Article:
SR presented to the group on behalf of the three regions an overview of the Melanoma QPI results that were published by PHS on 7th June 2022. A number of QPIs have met the targets both at a regional and national level.
The following QPIs were noted for discussion: QPI 4: Clinical Examination of Draining Lymph Node Basins: ninty five percent target has not been met at a regional level over the previous two years. There is an issue with documentation recording especially when utilising external providers in SCAN over a number of years. Improvements have been made around better recording following the MDT discussion.
QPI 7: Time to Wide Local Excision (WLE). ninety five per cent target for both specifications have not been met regionally over previous three years due to the eighty four day timeframe. Capacity issues noted in dermatology, pathology, radiology and plastics theatres. Cases not meeting the QPI have been reviewed and noted that these have been appropriately managed. Further steps have been undertaken to increase the pathway flow e.g. referring to plastics at the time of referring to MDT, referral for scan as soon as pathology report is received by the clinician; an increased proportion of patients attend ‘One Stop Clinics’ and stating the predicted MDT discussion date on scan forms so that radiology is working towards an end date.
QPI 9: Imaging for Patients with Advanced Melanoma. All three regions have not met the nintey five percent target over the previous three years. QPI has been amended for the next cycle following formal review and will now account for upstaging of patients which should increase the number of patients meeting the target. QPIs 7 and 9 have driven requests for a melanoma pathway manager in NHS Lothian, which has not been actioned.
KR added that in NCA there are shared areas of concern e.g. recording issues for QPI 4 particularly in Grampian where there is more outsourcing. Another issue is around QPI 1 (Diagnostic excision biopsy as initial procedure) due to the rural geographic area where the initial diagnostic biopsy is not always carried out by a skin cancer specialist. Historically done closer to home by primary care physicians. This needs to have MDT involvement and work is being undertaken in terms of education along with funding for GP sessions to be involved in the skin MDT.
With regard to QPI 7, KR added that there is now more surgery done on sentinel lymph node biopsies due to changes in guidelines. There is a requirement to fast track patients which involves one stop clinics and adequate pathology reporting. KR discussed the lack of pathology cover within Highland.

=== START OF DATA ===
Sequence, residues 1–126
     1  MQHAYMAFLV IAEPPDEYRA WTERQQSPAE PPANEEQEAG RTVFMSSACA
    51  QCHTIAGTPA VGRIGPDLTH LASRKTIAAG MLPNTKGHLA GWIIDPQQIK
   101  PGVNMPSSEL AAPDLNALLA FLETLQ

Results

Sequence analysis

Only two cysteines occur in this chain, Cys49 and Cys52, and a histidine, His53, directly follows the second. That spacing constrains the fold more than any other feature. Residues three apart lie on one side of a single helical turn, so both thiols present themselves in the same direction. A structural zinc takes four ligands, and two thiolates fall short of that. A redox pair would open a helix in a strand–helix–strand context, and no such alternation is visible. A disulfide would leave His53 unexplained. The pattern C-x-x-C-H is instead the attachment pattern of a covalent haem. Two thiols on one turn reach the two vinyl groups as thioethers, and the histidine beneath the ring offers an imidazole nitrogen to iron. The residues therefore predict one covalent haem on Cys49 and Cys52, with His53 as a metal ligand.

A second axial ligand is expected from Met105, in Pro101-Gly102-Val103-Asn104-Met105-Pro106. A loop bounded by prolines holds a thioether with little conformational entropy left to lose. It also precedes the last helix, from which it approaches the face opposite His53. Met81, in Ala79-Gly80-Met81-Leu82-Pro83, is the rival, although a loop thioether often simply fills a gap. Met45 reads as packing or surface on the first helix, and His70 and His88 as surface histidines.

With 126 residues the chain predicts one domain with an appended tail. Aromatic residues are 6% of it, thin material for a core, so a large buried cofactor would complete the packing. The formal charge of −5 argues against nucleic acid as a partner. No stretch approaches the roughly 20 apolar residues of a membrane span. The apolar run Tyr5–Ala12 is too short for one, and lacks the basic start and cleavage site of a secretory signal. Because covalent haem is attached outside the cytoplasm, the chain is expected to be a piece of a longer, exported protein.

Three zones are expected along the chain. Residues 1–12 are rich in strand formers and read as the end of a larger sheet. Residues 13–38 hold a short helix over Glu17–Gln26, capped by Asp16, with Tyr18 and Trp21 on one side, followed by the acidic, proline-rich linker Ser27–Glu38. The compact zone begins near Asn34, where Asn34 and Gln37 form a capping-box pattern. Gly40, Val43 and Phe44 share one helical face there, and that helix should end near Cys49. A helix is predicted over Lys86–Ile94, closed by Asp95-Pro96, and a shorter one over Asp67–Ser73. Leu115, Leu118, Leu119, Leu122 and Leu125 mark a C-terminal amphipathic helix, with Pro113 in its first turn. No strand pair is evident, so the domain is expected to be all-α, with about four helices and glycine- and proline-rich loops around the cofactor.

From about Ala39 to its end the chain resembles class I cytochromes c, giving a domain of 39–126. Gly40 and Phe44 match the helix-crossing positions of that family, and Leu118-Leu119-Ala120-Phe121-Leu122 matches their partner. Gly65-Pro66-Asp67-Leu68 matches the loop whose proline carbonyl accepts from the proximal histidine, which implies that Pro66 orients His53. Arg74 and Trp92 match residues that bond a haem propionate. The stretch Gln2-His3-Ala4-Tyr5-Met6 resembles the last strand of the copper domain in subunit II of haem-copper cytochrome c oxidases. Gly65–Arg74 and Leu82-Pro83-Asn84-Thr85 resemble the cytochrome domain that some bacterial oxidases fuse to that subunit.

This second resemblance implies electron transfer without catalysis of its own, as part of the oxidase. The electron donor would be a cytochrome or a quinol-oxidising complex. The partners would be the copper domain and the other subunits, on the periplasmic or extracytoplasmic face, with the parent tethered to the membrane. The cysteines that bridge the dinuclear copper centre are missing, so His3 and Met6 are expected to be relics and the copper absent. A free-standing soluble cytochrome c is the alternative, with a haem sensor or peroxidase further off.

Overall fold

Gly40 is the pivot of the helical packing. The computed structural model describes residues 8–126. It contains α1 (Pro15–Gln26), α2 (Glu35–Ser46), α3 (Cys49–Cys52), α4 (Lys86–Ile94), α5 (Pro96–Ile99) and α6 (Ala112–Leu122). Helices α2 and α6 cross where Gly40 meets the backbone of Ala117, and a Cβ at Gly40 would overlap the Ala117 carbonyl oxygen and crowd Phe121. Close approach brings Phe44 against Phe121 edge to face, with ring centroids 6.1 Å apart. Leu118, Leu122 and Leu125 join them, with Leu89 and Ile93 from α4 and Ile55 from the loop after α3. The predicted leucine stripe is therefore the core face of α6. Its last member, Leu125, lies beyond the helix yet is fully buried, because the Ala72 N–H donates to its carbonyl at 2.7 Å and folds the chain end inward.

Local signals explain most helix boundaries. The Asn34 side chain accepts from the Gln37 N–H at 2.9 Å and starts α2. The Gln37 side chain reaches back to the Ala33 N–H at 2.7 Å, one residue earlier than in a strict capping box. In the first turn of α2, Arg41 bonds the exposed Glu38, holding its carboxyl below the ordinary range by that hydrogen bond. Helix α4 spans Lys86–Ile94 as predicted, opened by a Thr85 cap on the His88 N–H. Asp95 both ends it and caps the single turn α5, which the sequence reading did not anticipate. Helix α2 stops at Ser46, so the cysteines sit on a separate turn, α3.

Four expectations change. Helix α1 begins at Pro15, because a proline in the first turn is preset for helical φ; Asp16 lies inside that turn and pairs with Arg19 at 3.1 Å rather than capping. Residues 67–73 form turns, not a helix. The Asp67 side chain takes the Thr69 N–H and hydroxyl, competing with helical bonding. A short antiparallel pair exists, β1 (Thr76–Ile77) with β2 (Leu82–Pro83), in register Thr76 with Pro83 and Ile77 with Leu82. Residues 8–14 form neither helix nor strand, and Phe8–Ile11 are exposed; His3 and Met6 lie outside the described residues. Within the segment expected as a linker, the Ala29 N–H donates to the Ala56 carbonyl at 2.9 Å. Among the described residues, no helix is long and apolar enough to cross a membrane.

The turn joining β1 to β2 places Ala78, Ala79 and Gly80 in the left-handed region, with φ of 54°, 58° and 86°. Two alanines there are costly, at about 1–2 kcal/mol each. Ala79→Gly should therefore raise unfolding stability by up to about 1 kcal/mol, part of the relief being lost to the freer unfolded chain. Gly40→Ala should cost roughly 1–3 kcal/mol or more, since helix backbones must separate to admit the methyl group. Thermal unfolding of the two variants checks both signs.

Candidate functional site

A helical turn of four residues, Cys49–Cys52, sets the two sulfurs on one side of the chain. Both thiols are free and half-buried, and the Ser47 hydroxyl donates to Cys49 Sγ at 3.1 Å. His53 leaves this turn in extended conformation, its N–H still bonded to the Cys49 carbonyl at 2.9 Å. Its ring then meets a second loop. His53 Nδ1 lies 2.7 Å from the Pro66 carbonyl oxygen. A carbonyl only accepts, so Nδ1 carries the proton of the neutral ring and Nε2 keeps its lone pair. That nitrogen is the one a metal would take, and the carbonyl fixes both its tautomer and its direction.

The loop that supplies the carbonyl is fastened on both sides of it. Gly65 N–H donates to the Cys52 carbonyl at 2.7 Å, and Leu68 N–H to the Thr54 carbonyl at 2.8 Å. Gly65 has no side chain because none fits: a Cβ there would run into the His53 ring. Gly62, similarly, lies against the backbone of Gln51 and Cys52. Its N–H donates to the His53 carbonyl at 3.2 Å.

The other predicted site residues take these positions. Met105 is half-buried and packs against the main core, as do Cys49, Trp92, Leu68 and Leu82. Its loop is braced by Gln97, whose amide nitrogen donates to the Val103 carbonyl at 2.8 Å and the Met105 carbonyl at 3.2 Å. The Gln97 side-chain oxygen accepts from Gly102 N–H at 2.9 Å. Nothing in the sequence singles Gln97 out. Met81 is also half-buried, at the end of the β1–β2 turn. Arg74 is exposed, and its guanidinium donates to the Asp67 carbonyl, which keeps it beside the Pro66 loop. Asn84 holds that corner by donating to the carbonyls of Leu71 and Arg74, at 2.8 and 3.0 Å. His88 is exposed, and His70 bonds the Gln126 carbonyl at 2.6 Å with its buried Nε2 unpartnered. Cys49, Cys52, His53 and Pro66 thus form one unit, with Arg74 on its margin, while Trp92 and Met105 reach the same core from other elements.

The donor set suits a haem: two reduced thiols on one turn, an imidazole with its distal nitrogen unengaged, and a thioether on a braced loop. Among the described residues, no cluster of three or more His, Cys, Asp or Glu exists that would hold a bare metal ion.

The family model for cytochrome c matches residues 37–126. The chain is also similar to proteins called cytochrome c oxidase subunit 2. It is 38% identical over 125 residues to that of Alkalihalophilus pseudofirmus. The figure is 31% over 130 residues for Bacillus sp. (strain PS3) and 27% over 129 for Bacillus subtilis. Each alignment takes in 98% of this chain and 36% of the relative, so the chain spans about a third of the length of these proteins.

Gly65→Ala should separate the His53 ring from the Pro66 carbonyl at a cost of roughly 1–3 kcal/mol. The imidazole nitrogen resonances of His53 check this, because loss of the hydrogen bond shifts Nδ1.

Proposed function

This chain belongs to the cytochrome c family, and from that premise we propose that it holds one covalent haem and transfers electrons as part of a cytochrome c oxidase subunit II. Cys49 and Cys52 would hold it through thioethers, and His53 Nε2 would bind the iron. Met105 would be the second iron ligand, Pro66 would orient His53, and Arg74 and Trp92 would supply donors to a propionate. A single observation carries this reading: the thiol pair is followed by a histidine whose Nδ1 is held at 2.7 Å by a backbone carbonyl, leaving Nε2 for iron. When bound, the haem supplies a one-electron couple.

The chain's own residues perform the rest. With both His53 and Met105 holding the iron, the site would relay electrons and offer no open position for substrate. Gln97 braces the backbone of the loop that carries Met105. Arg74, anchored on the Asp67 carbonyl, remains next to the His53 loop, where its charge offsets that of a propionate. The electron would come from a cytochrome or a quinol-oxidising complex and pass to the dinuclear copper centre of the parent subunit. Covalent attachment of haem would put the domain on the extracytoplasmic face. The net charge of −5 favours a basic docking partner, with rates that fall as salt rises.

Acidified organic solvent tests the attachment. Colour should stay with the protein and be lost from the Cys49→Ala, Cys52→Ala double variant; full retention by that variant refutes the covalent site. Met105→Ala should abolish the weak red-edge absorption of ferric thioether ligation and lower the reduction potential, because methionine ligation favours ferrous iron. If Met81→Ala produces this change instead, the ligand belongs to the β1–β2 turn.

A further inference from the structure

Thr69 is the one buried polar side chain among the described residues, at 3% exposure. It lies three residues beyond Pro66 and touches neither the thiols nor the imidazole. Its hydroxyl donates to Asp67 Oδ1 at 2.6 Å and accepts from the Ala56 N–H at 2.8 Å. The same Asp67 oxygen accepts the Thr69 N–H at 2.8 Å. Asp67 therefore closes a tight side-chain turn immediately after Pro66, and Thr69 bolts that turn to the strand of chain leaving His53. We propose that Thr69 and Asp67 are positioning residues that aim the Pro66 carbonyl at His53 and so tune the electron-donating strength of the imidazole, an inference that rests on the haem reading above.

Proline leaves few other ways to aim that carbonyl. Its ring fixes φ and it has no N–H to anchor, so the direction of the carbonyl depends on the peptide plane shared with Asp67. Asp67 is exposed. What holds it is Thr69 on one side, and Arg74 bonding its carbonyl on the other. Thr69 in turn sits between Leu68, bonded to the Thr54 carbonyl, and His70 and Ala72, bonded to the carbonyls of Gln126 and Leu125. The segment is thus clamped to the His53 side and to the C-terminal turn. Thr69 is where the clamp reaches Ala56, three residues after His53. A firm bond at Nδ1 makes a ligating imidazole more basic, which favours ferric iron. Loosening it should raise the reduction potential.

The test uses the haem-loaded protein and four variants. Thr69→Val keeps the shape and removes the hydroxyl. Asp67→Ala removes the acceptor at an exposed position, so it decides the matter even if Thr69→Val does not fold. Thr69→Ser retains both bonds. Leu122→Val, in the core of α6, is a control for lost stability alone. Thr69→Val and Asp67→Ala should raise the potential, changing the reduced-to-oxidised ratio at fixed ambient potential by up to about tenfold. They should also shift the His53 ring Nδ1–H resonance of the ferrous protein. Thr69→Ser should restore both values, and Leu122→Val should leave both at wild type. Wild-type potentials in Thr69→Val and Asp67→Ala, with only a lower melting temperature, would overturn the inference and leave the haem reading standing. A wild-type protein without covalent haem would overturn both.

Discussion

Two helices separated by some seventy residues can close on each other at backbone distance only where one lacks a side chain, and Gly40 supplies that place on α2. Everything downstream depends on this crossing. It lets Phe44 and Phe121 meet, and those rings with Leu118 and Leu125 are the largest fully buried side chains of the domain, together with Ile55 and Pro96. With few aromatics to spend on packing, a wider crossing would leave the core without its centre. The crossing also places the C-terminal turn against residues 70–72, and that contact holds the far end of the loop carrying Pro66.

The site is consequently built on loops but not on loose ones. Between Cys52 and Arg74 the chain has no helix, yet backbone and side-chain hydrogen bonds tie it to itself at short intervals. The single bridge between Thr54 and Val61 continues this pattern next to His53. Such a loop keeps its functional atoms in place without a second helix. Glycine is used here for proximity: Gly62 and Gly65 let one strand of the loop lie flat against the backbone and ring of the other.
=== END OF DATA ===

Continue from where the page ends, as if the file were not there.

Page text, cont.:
The importance of the publication of the HIS report was also highlighted to emphasise to the Boards where issues require action to allow improvement.
JM stated there is concern around the timing for WLE which should be escalated to the NCRG along with the importance of a Pathway Manager in the process. In addition there is a requirement to raise the issues around plastic surgery resources that has been raised for both breast and dermatology services.
JM thanked the Regional Clinical Leads for their contribution and ongoing clinical engagement.
Update on mutual aid requests
All regions provided an update on the current position. NCA have been tasked with developing a structured process which involves requesting support within the regional centres prior to escalating nationally. Currently testing regional solutions within oncology as well as diagnostics/imaging capacity.
In WoSCAN, there is long standing aid between some Boards e.g. Lanarkshire and Forth Valley Breast Service which is now more of a delivery model. There are imminent pressures for maxillofacial surgery when Forth Valley clinician moves to Ayrshire. NHS Lanarkshire clinicians already support NHS Forth Valley ENT patient management. Oncology mutual aid for Tayside ongoing.
ET highlighted the main pressure is around SACT delivery. National work started to align SACT Clinical Management Pathways, however this will take time. Current focus is looking at how to alleviate pressure on front line services.
JM advised that SCAN is currently providing breast radiotherapy and brachytherapy for gynaecology patients in Tayside. The region have also been asked to consider providing oncological support for prostate, renal, upper GI, and germ cell patients as well as palliative care support for the Borders.